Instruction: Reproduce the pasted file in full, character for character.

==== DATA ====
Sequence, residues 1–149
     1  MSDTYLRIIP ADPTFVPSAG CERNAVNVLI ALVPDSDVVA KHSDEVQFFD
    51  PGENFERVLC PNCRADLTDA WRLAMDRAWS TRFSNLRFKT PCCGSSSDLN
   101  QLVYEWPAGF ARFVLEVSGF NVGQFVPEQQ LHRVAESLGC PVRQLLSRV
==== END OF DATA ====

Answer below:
Sequence, residues 1–149
     1  MSDTYLRIIP ADPTFVPSAG CERNAVNVLI ALVPDSDVVA KHSDEVQFFD
    51  PGENFERVLC PNCRADLTDA WRLAMDRAWS TRFSNLRFKT PCCGSSSDLN
   101  QLVYEWPAGF ARFVLEVSGF NVGQFVPEQQ LHRVAESLGC PVRQLLSRV